Martian Invasion! The War of the Worlds broadcast 81 years ago today #Radio #Space #Mars
81 years ago, at 8 pm Eastern time in the US, if you were listening to the radio, you’d have heard a fairly normal broadcast. It was then increasingly interrupted by news reports culminating in the announcement that martians had landed in Grover’s Mill, New Jersey. The story was an adaptation of a novel by H.G. Wells in 1898. The broadcast ultimately cemented Orson Welles as a premiere broadcaster.
The one-hour program began with the theme music for the Mercury Theatre on the Air and an announcement that the evening’s show was an adaptation of The War of the Worlds. Orson Welles then read a prologue which was closely based on the opening of H.G. Wells’ novel modified slightly to move the story’s setting to 1939. For about the next twenty minutes, the broadcast was presented as a typical evening of radio programming being interrupted by a series of news bulletins. The first few news flashes occur during a presentation of “live” music and describe a series of odd explosions observed on Mars, followed by a seemingly unrelated report of an unusual object falling on a farm in Grover’s Mill, New Jersey.
The musical program returns briefly before being interrupted by a live report from Grover’s Mill, where police officials and a crowd of curious onlookers have surrounded the strange cylindrical object that fell from the sky. The situation escalates when Martians emerge from the cylinder and attack using a heat-ray, which the panicked reporter at the scene describes until his audio feed abruptly goes dead. This is followed by a rapid series of increasingly alarming news updates detailing a devastating alien invasion taking place around the world and the futile efforts of the U.S. military to stop it. The first portion of the show climaxes with another live report from a Manhattan rooftop as giant Martian war machines release clouds of poisonous smoke across New York City.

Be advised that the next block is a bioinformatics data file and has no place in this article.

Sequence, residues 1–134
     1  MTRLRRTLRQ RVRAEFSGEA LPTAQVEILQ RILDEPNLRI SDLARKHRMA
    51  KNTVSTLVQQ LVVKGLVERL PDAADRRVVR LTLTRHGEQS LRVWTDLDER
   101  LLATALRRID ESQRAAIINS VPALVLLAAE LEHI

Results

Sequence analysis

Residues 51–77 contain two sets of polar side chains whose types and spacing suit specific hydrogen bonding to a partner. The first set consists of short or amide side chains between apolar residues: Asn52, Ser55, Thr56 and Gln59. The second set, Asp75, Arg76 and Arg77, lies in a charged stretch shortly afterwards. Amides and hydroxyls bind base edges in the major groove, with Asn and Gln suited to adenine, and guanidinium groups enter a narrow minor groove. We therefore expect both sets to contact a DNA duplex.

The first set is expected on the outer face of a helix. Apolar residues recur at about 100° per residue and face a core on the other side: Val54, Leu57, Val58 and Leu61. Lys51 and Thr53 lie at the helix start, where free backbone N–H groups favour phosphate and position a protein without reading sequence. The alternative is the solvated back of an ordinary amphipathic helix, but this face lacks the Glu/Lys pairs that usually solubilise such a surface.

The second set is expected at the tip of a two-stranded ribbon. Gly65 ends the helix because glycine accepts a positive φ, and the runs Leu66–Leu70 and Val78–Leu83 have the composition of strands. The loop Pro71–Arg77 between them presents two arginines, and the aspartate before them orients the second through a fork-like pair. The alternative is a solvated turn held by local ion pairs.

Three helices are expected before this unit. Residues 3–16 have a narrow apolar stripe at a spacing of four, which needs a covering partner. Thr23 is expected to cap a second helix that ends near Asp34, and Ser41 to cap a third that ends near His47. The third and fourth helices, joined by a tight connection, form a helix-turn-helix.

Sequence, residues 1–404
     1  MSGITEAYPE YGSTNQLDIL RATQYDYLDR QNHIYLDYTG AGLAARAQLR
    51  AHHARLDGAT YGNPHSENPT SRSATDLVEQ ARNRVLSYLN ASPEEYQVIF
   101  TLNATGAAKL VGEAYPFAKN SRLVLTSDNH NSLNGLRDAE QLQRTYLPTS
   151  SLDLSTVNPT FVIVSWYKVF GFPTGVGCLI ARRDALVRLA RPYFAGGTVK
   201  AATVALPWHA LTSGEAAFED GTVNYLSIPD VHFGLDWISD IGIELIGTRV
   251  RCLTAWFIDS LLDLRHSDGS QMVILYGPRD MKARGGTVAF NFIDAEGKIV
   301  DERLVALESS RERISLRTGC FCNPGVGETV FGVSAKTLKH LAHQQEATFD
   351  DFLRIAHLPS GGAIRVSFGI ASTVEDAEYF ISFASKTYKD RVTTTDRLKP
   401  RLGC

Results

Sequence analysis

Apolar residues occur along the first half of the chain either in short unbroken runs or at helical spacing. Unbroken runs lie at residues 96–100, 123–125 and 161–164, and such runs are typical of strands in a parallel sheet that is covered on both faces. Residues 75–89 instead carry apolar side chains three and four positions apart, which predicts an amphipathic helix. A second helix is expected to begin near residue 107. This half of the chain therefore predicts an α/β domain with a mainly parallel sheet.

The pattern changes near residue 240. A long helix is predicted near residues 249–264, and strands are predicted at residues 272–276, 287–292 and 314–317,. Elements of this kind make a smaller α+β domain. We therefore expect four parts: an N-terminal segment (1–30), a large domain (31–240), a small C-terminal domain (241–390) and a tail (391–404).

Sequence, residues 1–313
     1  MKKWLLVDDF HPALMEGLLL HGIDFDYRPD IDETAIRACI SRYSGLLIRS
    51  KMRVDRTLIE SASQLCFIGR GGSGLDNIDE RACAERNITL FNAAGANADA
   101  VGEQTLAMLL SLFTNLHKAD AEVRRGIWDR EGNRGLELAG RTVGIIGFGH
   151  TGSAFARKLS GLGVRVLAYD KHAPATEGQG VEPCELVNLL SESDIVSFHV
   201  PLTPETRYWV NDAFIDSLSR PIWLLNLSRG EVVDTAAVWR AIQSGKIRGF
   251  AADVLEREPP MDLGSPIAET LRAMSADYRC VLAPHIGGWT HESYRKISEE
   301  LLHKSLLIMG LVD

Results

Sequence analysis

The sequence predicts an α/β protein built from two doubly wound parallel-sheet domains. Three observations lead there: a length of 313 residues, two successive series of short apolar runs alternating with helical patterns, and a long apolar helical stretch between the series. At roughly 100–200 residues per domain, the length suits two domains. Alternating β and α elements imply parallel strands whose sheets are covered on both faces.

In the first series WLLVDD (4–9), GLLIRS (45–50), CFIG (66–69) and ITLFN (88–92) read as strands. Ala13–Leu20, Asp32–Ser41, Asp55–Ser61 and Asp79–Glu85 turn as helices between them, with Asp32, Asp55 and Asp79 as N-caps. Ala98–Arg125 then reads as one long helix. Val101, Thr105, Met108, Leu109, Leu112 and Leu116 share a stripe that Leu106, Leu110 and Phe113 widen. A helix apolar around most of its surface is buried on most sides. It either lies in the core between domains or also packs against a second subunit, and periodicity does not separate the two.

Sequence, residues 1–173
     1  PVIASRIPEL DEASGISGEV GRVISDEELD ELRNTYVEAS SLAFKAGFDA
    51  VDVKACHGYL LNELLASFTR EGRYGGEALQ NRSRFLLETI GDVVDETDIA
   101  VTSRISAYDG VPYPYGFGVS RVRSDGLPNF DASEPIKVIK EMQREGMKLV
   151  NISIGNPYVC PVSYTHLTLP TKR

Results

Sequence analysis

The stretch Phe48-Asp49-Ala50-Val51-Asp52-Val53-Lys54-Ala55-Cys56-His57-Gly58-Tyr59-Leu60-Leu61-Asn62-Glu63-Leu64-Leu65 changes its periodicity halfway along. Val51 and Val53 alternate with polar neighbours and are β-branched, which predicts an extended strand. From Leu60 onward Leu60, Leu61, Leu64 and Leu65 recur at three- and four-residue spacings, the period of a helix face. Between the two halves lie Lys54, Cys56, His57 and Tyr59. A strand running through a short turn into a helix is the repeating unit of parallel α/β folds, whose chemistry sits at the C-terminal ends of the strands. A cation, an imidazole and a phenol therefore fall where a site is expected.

(Ed. note: this rooftop may or may not be the one at the current Adafruit factory).
The reporter on the scene describes desperate citizens fleeing as the smoke approaches his location until he coughs and falls silent, after which the program took its first break. During the second half of the show, the style shifts to a more conventional radio drama format and follows a survivor (played by Welles) dealing with the aftermath of the invasion and the ongoing Martian occupation of Earth. As in the original novel, the story ends with the discovery that the Martians have been defeated by microbes rather than by humans.
Welles’s’ “War of the Worlds” broadcast has become famous for supposedly tricking some of its listeners into believing that a Martian invasion was actually taking place due to the “breaking news” style of storytelling employed in the first half of the show. The illusion of realism was furthered because the Mercury Theatre on the Air was a sustaining show without commercial interruptions, and the first break in the program came almost 30 minutes after the introduction.
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